01438 741177         thewinesociety.com

The Society's Community

Grow Your Own Wine


#81

Sorry, but they upped and moved to Oxfordshire 18 months ago!!
Ages ago, I was looking in the Museum of London, and there are a lot of references to vineyards…particularly in the Lea Valley where there are still vast areas of nurseries. Italians moved into this area and brought vines with them. I don’t think any are now functioning otherwse the Forty Hall Crew would have had their marketing challenged.
Peterborough also has a large Italian community…brickworks…and when I was working there in the `90s a group had formed a Coop and were producing wine from individual vines in back gardens and allotments. For their own consumption only, but I did taste some at a social occasion. If memory serves me well it could be what @laura is searching for as a food match for a Big Mac! I think I managed half a glass.


#82

Have been pruning back the vine in my back garden, looks to be in the ‘buckshot berries’ stage - will try and count the bunches but I reckon I have too many for 1 vine!


#83

An update on my nascent vines. Despite the snails, my Bacchus did flower when we were on holiday and now has two bunches of grapes. Yay! We all know small yield equals high quality, so at this rate i’ll be charging 1st growth prices for my Chateau La Taupe 2018!


#84

Love it!

I took the advice and pruned the flowers on my vines this year but there are a few bunches growing on the vine in my parents garden


#85

I walked past this today, the vine in this person’s garden as grown out and over a tree the other side of the fence! Quite a lot of bunches on it; the gardens by me aren’t very big so I dread to think how much of it has been taken over!


#86

I’m intending to make my first home wine this year. Whilst I have a young Bacchus with fruit on it, it won’t be enough so I’ll be buying in some grapes or concentrate so I can get familiar with the process. Two questions - what would people recommend in terms of grapes / concentrates; which decent wine making kits would people recommend?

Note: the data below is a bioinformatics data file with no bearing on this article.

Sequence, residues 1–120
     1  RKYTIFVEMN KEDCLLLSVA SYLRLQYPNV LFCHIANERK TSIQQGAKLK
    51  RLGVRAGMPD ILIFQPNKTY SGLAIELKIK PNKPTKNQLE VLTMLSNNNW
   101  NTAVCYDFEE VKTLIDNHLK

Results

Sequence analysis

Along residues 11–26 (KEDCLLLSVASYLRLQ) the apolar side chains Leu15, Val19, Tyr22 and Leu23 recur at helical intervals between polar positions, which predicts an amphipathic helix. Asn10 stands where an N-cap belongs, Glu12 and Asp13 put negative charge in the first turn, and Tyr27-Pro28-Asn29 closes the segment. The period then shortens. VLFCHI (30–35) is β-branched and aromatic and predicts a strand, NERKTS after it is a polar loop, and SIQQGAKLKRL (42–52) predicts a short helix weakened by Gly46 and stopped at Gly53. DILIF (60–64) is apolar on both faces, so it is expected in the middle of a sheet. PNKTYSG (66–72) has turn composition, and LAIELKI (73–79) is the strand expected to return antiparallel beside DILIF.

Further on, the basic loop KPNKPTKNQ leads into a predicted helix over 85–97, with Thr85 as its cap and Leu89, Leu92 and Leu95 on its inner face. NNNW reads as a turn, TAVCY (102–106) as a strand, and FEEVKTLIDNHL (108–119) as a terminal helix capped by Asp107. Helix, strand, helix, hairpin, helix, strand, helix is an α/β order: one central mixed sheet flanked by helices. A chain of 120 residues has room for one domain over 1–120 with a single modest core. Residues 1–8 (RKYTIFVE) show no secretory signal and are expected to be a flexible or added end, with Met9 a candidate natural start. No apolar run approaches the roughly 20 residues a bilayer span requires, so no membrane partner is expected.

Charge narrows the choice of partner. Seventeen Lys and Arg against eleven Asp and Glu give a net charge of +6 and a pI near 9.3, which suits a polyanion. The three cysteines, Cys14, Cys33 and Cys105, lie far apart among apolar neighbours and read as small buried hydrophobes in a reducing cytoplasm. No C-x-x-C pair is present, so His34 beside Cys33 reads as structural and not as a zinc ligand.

#87

Can’t be of help, I’m afraid ,but I have a little tale…
In the late 70s I was earning my living teaching in Norwich. Amongst the group of friends and contacts was a Senior Environmental Health officer. One Sunday morning his ‘on call duty’ was activated at about 7 am to a minor road north of the city. A tanker had left the road, split open and its load was rapidly killing all neighbouring vegetation, including winter wheat. An exclusion area was put in place and the duty Hazchem team from a chemical factory was summoned. The scene included several fire appliances plus various personnel in fully protective gear.
After about 3 hours of umming, ahh-Ing and analysis, down a side track came an elderly gentleman on a pushbike. Challenged by the officials he replied ( in a broad Norfolk accent) to the effect of ’ what’s all the fuss about, that’s the tanker delivering wine concentrate to the local (named) winery. It’s come from :fr:.
The said winery was a major producer of home kits at that time! :stuck_out_tongue_winking_eye:


#88


Anyone able to identify the grape variety for me? Small grapes with lots of seeds makes me think it is a vitis vinifera but no idea which one.

Anyway I harvested some bunches and made some very cloudy grape juice which looks awful and tastes delicious.


#89

Perhaps bought from a garden centre? Labelled White Grape?

Looks like my Solaris used to. Solaris is thin skinned so prone to insect damage, but is easy to press.

Could also be a Bacchus, or Phoenix…although Phoenix us a tad ‘sharp’.
Thousands to choose from


#90

Hi all. I’m about to embark on the first home winemaking experiment. As I have a Bach us vine in the garden that is too young to produce enough fruit I’d like to get some Bacchus juice or concentrate and use that so I know what I’m dealing with and can hopefully make a better wine when the vine is older. I have some second hand kit so two questions. Does anyone know where I can buy Bacchus juice and secondly an appropriate yeast?